another question worthy of thought

… and comment!

I have not been blogging this week or last very much… because of this MOUNTAIN of personal theological papers that I have been reading… somewhere about 800 pages of grading… hence my absence from the blog-o-sphere and even my email inbox…

SO now, I’m almost finished reading and grading (and in some cases – writing long responses to comments and questions my students ask in their papers)… So I was just reading one who has echoed a theme that I have seen in more than just a couple of papers… that being this:

“I have not seen enough and I have not learned enough to know what I believe, I think I am not old enough to know what I believe as my beliefs are evolving.” (a compilation, not a direct quote)

So, thinkers, theological and otherwise… what is your response to this student??? I would like the various wise voices to answer this question please in the comment section…

Now,  comment away and lets see what you all say…

5 Comments

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5 responses to “another question worthy of thought

  1. Miroslav Volf today pretty much built his speech on the quotation from Paul that now we see through a glass, but one day we will see face to face…
    But I guess often people use it as an argument to hide behind with different reasons…

    Lazo

  2. Charles Johnson

    This is actually a captivating thought because there’s certainly enough logic behind it to make most Christians step back and question, “wait a minute, what have I experience that led to my Christian identity?”

    The problem is, we relegate our reluctance to believe to one sphere: life experience. The quest for experiential knowledge is the growing concern of the emerging post-modern generations. Often we see social permissions and preferential treatment given to those who have lived much, therefore they must know much. (This is not slanderous, it’s simply a barometer that indicates what’s important to us.) The well-traveled, the people who have shown the willingness to think and discuss with many different types of people, or those that simply can “name drop” more than others are often perceived as more intelligent, gifted, and valuable and therefore, worth listening to.

    Coupled with this quest, is also the reluctance to establish a personal identity. For the first time in US history, it is not expected that this generation attend the same church denomination as their parents. Unfortunately, behind this desire for autonomy is a fear to commit to anything. We suffer the inability to relate to each other with any commitment, how can we conquer these doubts and feelings of inadequacy (which is often behind the desire for more life experience) that accompany humanity?

    These questions are certainly not trivial, and they deserve more than a blog comment, but they indicate more about where our young minds are coming from than anything else. If there is a “silver bullet” answer (and there must not be one), it has to surround the concept of the work of the scriptures and the Holy Spirit. (This, too, will sound like a cop out to cynical teenagers.) The truth is, as our reluctance reminds us of our very humanity and distance from God, God moves toward us with his truth and message of forgiveness. Any cynicism or doubt, including the quest for experiential knowledge, is an opportunity to see God more. As the scriptures are opened, and our hearts are molded, our concerns and needs change. My fear is that this seeming “loss of control” is, in fact, what scares our youth.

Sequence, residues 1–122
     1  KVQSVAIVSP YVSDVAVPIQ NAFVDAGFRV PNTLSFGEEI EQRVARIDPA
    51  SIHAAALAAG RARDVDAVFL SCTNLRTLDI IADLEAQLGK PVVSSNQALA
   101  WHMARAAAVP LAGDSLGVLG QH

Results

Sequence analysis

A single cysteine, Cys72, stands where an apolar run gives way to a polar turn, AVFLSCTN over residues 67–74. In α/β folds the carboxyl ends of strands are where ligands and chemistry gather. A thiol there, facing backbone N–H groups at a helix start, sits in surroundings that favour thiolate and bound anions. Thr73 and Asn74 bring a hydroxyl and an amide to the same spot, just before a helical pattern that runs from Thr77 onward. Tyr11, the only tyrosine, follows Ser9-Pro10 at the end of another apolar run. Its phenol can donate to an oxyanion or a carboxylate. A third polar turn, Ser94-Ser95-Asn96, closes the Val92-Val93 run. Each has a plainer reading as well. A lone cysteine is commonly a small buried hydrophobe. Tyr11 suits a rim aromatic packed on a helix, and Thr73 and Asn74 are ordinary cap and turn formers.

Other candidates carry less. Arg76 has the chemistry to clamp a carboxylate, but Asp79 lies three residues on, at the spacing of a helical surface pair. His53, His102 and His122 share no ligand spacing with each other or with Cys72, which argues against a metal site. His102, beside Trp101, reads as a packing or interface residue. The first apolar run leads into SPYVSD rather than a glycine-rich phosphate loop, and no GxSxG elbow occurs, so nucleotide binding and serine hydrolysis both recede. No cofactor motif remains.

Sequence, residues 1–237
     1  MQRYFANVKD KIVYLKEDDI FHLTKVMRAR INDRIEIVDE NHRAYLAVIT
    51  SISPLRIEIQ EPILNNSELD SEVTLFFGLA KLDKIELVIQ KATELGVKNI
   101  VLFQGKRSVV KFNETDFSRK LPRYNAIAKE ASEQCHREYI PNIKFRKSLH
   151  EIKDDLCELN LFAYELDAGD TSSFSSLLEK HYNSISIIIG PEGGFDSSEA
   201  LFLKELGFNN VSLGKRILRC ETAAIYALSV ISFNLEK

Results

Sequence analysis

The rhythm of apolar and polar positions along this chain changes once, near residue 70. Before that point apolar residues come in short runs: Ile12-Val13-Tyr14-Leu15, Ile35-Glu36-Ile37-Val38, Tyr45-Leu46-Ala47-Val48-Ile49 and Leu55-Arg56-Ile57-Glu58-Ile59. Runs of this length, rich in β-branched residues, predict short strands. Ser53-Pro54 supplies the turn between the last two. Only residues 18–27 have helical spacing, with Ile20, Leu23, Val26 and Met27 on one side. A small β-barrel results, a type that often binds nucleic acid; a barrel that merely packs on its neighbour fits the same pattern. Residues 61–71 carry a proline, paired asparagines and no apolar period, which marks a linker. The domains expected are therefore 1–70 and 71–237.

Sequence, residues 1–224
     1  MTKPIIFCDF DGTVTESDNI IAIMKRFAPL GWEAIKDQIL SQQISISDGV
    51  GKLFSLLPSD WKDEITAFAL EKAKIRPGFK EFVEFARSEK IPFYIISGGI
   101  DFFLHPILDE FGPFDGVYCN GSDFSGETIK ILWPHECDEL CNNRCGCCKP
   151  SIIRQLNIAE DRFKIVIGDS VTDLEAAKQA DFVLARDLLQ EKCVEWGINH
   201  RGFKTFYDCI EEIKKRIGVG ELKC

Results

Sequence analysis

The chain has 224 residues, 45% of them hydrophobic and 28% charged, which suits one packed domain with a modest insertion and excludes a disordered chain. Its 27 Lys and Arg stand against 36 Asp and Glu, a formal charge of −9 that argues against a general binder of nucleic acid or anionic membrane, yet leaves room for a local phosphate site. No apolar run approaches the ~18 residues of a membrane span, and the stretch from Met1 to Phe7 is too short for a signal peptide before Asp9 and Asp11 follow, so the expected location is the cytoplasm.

As I reread this post, I’m left with more questions than answers in my own thought-life. Being a Christian doesn’t mean we’ve answered every doubt and feel we’ve arrived at the most logical conclusion after carefully weighing out all the potential systemic beliefs. It often IS that, but for a Christian, it’s much more. It’s about being adopted, our identities changing, believing that God is coming to bring order and justice to this world and is building His Kingdom now. When this is true, no amount of experiential knowledge will ever help you completely, it’s simply too small a sphere.

  3. “You must become like a child….”…..most children I know are not “great thinkers”, yet have great faith. “True worshippers will worship God in spirit and in truth.”…..the older I get and the more I walk with God, the less intellectual I become in my faith…and the more intimacy I have with the Father, Son, and Holy Spirit. To quote a missionary who is spending her life in Mozambique, “10 years of theology training and it all boils down to this for me: Jesus loves me, Jesus loves you.” What more do we need to believe…we humans (myself included) sure do like to intellectualize and analyze when the Gospel is so very simple and was first carried out by fishermen. To be honest, I think the enemy loves it that we are dragging our feet through the intellectual mire…the longer we stay there, quite possibly the less we “understand” GRACE.

  4. Lucy: What if they don’t beleive me?
    Aslan to Lucy: That’s not your problem, just believe and follow (my paraphrase)

    Peter: Why couldn’t I see him? (Aslan)
    Lucy: Maybe you weren’t looking. (from the movie – saw it last night)

  5. Wish it came here in English, but may have to wait til summer. 🙂

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